Breakthrough moves electronic skin huge step closer

Future robots will be provided with eyesight which goes beyond that of humans following a major breakthrough by a team of researchers.

Engineers from the University of Glasgow are behind the breakthrough development, which involves a newly-developed method of printing microscale semiconductors made from gallium arsenide onto a flexible plastic surface.

The new form of flexible photodetector may provide future robots with an electronic skin capable of ‘seeing’ light beyond the range of human vision. Their material provides performance equivalent to the best conventional photodetectors on the market and are capable of withstanding hundreds of cycles of bending and flexing.

It may also provide flexible skin monitors which will be able to measure and alert wears if they are in danger of being over exposed to the harmful rays from the Sun.

The researchers have produced a new paper which outlines how they developed the technology, which allows the skin to detect light from a broad range of the electromagnetic spectrum.

It builds on previous research from the team in which they developed a method of printing silicon circuitry directly onto the surface of flexible plastic, which enabled the creation of high-performance bendable electronics.

Professor Ravinder Dahiya of the University of Glasgow’s James Watt School of Engineering is the leader of the Bendable Electronics and Sensing Technologies (BEST) research group, which developed the skin.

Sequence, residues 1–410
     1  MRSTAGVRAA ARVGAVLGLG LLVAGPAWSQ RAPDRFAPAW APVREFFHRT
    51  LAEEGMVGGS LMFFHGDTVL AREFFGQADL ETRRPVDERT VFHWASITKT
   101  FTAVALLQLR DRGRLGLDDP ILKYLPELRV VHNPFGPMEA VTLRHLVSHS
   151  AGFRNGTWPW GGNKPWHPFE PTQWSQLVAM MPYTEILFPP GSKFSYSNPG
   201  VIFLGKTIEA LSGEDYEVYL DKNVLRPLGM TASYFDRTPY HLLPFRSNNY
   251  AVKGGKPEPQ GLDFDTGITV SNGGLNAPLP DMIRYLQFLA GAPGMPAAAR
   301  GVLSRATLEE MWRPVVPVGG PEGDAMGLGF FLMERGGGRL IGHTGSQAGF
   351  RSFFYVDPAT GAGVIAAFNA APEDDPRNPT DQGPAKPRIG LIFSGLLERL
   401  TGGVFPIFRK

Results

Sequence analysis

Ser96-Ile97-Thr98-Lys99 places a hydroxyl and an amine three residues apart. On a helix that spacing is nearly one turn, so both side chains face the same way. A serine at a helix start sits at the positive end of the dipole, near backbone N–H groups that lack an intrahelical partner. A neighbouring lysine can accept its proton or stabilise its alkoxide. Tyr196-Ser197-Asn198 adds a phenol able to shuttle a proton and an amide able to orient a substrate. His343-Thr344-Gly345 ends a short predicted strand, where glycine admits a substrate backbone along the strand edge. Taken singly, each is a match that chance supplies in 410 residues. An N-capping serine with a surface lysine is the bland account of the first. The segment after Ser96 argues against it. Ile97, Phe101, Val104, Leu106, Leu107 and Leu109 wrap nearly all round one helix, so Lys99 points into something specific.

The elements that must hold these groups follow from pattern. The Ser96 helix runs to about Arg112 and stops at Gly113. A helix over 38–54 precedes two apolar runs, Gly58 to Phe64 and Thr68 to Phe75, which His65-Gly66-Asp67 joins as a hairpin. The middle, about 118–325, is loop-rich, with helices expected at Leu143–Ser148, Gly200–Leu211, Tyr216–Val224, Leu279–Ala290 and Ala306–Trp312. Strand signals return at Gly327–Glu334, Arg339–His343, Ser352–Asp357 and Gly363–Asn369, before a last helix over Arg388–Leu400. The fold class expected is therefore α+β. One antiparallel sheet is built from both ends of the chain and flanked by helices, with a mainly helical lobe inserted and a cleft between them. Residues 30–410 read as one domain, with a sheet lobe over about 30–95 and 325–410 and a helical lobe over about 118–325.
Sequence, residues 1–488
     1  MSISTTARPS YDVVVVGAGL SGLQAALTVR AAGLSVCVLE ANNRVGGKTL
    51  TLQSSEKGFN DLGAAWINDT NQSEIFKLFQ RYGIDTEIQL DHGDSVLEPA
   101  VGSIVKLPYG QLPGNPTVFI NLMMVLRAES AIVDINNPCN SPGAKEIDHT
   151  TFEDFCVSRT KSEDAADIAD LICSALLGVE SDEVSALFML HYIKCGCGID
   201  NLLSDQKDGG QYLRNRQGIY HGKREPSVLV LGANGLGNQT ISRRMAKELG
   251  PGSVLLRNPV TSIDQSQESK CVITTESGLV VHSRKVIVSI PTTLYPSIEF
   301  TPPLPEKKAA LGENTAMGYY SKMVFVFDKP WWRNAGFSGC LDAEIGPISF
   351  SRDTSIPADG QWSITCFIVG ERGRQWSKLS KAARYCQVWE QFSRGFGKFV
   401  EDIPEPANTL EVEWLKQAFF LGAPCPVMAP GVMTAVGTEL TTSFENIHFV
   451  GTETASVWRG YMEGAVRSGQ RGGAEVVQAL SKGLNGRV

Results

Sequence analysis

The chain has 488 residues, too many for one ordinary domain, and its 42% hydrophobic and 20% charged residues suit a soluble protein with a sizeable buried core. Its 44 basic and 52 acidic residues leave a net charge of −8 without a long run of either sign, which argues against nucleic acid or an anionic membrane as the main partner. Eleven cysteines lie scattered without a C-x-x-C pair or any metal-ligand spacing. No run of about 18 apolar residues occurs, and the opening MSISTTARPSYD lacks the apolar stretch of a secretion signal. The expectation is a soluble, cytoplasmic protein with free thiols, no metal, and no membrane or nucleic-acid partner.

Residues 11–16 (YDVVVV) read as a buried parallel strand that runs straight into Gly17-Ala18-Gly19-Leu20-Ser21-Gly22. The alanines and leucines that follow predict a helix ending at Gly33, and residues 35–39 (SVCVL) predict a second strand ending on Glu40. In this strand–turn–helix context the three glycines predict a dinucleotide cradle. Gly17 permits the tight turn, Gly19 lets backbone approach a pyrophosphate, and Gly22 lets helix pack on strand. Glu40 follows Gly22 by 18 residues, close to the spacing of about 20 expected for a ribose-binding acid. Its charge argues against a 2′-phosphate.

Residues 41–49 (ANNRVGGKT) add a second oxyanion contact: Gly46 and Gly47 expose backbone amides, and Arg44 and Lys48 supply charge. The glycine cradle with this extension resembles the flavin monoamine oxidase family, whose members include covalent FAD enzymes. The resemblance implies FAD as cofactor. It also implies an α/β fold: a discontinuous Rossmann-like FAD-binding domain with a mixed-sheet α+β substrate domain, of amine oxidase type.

He said: “We’ve been working for a number of years now to advance the capabilities of flexible electronics. We’ve found new ways to print electronics directly onto flexible surfaces, built electronic skin capable of feeling ‘pain’, and developed bendable electronics which can be powered by the sun or human sweat.

“This latest development is the first time we’ve been able to print gallium arsenide onto flexible surfaces, opening up new avenues for our research.

“In the future, this type of light-sensitive flexible material could lend new abilities to robots. Mechanical arms used for manufacturing in light-sensitive environments, for example, could become capable of detecting when conditions change and the safety or effectiveness of their work is put at risk. Flexible, broad-spectrum photodetectors could also find use in a wide range of wireless communication technologies, where the fast transmission and response speeds we’ve tested are always in demand.”

Gallium arsenide is used in many electronic applications to create high-performance electronics. However, they have mainly been created on rigid surfaces – the Glasgow team are among the first to find a way to use gallium arsenide on a flexible substrate.

The system is capable of ultrafast response to light, taking just 2.5 milliseconds to measure light and 8 milliseconds to recover – a performance as good as the best non-flexible photodetectors currently available.

In order to test the system’s durability, they subjected the material to a rigorous set of tests in a machine designed to bend and twist it hundreds of times. Over the course of 500 cycles, the material demonstrated no significant loss in performance.

Ayoub Zumeit and Abhishek Dahiya from the BEST group, co-authors of the paper, added: “It could even be used to develop a wearable patch for humans to use to monitor exposure to UV light during sunny days, and provide a warning when users are at risk of getting sunburned.”